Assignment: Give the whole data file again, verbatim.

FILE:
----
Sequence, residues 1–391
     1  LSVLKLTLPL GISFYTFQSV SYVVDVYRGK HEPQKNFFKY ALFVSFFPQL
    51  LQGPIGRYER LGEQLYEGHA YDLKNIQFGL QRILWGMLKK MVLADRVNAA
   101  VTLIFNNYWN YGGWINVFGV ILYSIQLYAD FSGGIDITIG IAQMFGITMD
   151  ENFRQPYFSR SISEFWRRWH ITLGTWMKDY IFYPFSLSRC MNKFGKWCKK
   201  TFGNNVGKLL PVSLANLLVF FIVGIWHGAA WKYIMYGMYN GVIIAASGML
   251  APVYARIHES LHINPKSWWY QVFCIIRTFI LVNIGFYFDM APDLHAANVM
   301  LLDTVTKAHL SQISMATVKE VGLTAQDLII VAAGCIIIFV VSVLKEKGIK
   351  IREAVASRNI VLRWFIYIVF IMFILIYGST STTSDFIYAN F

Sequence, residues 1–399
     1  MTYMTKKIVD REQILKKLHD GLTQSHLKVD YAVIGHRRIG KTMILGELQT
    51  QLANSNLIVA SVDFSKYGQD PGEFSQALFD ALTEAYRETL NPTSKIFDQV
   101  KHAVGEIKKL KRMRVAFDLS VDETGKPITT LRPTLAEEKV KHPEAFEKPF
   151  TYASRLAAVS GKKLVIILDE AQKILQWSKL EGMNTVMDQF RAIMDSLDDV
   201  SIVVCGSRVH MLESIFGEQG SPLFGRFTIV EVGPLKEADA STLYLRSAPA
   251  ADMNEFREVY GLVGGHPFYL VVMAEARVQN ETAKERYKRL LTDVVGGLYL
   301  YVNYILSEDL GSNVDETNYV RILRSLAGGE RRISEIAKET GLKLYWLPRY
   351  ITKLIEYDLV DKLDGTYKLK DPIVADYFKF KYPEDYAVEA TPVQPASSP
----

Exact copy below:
Sequence, residues 1–391
     1  LSVLKLTLPL GISFYTFQSV SYVVDVYRGK HEPQKNFFKY ALFVSFFPQL
    51  LQGPIGRYER LGEQLYEGHA YDLKNIQFGL QRILWGMLKK MVLADRVNAA
   101  VTLIFNNYWN YGGWINVFGV ILYSIQLYAD FSGGIDITIG IAQMFGITMD
   151  ENFRQPYFSR SISEFWRRWH ITLGTWMKDY IFYPFSLSRC MNKFGKWCKK
   201  TFGNNVGKLL PVSLANLLVF FIVGIWHGAA WKYIMYGMYN GVIIAASGML
   251  APVYARIHES LHINPKSWWY QVFCIIRTFI LVNIGFYFDM APDLHAANVM
   301  LLDTVTKAHL SQISMATVKE VGLTAQDLII VAAGCIIIFV VSVLKEKGIK
   351  IREAVASRNI VLRWFIYIVF IMFILIYGST STTSDFIYAN F

Sequence, residues 1–399
     1  MTYMTKKIVD REQILKKLHD GLTQSHLKVD YAVIGHRRIG KTMILGELQT
    51  QLANSNLIVA SVDFSKYGQD PGEFSQALFD ALTEAYRETL NPTSKIFDQV
   101  KHAVGEIKKL KRMRVAFDLS VDETGKPITT LRPTLAEEKV KHPEAFEKPF
   151  TYASRLAAVS GKKLVIILDE AQKILQWSKL EGMNTVMDQF RAIMDSLDDV
   201  SIVVCGSRVH MLESIFGEQG SPLFGRFTIV EVGPLKEADA STLYLRSAPA
   251  ADMNEFREVY GLVGGHPFYL VVMAEARVQN ETAKERYKRL LTDVVGGLYL
   301  YVNYILSEDL GSNVDETNYV RILRSLAGGE RRISEIAKET GLKLYWLPRY
   351  ITKLIEYDLV DKLDGTYKLK DPIVADYFKF KYPEDYAVEA TPVQPASSP